And, ultimately, that's what makes the film so powerful. Thanks in equal part of Refn's self-control as a director and an extraordinary performance by Kim Bodia, Frank comes across as weary and confused, worn out by the daily demands of his existence. Just barely into his 30s when the film was made, Bodia seems older, like a middle-aged man realizing he'll be stuck in the same, mind-numbing job for the next thirty years. There's an air of something like melancholy hanging over the mostly expressionless Frank, and it infuses everything he does with a hint of regret. There's also a surprising, subtle vulnerability to Frank; he's confrontational only when he has no choice, and never seems to get the pleasure out of violence that those in his line of work often do. He's also unexpectedly generous, and can't help feeling sympathy for the pathetic junkies he serves. And he's secretly thoughtful, spending much of his time alone agonizing over his relationship with "champagne girl" Vic (Laura Drasbæk), seemingly reminding himself over and over again that she's no better than a prostitute, and that he has no feelings for her beyond an appreciation of her willingness to suck him off. He relishes the few moments of lightness in his life, and even as his situation with Milo worsens, he's able to have a quiet, personal conversation with Radovan about the other's dreams of a life outside of crime. It's an unusual, completely convincing moment, and yet another sign of the maturity of the film's then 25-year-old director.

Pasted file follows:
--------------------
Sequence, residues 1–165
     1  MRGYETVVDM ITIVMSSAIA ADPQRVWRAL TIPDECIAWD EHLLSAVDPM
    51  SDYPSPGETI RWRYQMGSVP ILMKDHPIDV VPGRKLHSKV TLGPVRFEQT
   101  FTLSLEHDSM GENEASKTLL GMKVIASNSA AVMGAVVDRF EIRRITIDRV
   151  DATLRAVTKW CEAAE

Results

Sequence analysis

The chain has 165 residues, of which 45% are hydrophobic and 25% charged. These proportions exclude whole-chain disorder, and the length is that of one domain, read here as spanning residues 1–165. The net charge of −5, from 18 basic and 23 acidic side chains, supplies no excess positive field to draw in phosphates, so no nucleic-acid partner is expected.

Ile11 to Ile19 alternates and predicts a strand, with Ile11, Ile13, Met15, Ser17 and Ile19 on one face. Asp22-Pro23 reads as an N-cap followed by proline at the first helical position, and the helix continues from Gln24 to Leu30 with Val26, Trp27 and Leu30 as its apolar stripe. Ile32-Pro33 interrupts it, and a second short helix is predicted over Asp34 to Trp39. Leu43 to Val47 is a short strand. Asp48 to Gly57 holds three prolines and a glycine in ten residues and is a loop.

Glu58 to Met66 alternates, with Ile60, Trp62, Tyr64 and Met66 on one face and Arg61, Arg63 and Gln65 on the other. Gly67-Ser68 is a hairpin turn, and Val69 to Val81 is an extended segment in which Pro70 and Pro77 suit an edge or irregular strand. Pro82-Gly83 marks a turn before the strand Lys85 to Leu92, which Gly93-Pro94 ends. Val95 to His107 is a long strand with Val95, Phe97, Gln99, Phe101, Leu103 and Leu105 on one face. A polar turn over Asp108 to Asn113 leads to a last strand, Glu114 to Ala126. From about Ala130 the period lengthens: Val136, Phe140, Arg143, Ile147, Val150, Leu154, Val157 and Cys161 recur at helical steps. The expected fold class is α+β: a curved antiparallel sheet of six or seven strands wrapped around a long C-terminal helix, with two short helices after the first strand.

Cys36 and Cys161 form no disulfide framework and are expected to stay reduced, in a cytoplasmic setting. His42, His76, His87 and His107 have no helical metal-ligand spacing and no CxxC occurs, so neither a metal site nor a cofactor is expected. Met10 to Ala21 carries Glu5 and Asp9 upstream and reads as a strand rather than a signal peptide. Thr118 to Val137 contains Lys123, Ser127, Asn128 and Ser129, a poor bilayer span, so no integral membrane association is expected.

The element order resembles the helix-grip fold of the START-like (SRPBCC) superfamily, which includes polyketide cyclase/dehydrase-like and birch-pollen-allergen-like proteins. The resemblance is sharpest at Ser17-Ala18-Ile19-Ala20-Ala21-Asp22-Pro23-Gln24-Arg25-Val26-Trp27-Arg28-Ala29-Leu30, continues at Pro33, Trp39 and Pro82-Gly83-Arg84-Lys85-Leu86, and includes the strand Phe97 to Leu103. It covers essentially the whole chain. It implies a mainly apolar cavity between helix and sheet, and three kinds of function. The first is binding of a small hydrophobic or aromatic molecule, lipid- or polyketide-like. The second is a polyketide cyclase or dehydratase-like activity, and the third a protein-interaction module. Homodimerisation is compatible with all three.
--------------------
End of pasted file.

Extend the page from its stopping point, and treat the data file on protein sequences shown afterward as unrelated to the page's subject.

Refn directs his film with a remarkably assured hand, exercising self-control that will drive the legion of state-side Tarantino devotees mad. Instead of pumping up colors, violence and personalities, Refn takes the opposite approach, rendering his most tension-filled moments so subdued they're almost deadpan. That's not to say, however, that there aren't screams of terror and howls of pain in Pusher, just that they're shot with the same observant, hand-held camera as the rest of the film; Refn's camera (manned by Morten Søborg) is a passive accomplice that does nothing but watch, and accept.
There are, however, a few occasions on which Refn is willing to relax his control slightly, and it is those scenes that change Pusher from a very good film into one that is truly great. The comparative flights of fancy are stunning -- not because of their content, but rather because of their timing. Eschewing the desire of most directors to emphasize violence and strength, Refn instead makes tiny, memorable moments out of friendship; brief kernels of bonding that the characters themselves probably don't even notice are wrapped up by the director into gorgeous little packages of light and sound, and left to fester in our minds even as the movie itself leaves them behind. The moment of drunken pleasure in a bar during which Tonny and Frank bond over flirting, a lazy knife-fight and a sudden kiss, is so overwhelming that it is actually difficult to drag oneself back into the film which, with Refn's customary focus, has moved on to other things.
Magnolia Films is releasing the Pusher Trilogy in a few theaters around the country over the coming weeks, starting in New York's Village Cinema on Friday. In these limited screenings, the films will be shown back-to-back, allowing American viewers to see them in a single sitting for the first time. As only the first in the series is available on DVD in the US, anyone living near one of the theaters would be wise to take advantage of this opportunity. Look for our review of Pusher II: With Blood on My Hands tomorrow, and Pusher III: I'm the Angel of Death on Friday.